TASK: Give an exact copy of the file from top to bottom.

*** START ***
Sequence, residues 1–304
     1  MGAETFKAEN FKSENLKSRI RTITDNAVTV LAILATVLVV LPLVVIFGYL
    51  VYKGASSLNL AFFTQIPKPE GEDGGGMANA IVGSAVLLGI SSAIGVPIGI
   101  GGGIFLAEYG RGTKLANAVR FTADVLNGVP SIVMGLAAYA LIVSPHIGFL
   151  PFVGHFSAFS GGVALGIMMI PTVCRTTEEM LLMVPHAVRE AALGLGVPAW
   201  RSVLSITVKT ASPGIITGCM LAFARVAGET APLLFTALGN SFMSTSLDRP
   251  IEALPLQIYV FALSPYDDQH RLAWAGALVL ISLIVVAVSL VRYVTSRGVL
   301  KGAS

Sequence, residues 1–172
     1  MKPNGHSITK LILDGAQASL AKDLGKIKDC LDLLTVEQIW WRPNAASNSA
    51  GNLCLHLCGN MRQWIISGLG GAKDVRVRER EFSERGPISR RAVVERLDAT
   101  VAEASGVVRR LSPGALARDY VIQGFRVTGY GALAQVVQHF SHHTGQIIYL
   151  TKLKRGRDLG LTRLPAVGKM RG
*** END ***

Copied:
Sequence, residues 1–304
     1  MGAETFKAEN FKSENLKSRI RTITDNAVTV LAILATVLVV LPLVVIFGYL
    51  VYKGASSLNL AFFTQIPKPE GEDGGGMANA IVGSAVLLGI SSAIGVPIGI
   101  GGGIFLAEYG RGTKLANAVR FTADVLNGVP SIVMGLAAYA LIVSPHIGFL
   151  PFVGHFSAFS GGVALGIMMI PTVCRTTEEM LLMVPHAVRE AALGLGVPAW
   201  RSVLSITVKT ASPGIITGCM LAFARVAGET APLLFTALGN SFMSTSLDRP
   251  IEALPLQIYV FALSPYDDQH RLAWAGALVL ISLIVVAVSL VRYVTSRGVL
   301  KGAS

Sequence, residues 1–172
     1  MKPNGHSITK LILDGAQASL AKDLGKIKDC LDLLTVEQIW WRPNAASNSA
    51  GNLCLHLCGN MRQWIISGLG GAKDVRVRER EFSERGPISR RAVVERLDAT
   101  VAEASGVVRR LSPGALARDY VIQGFRVTGY GALAQVVQHF SHHTGQIIYL
   151  TKLKRGRDLG LTRLPAVGKM RG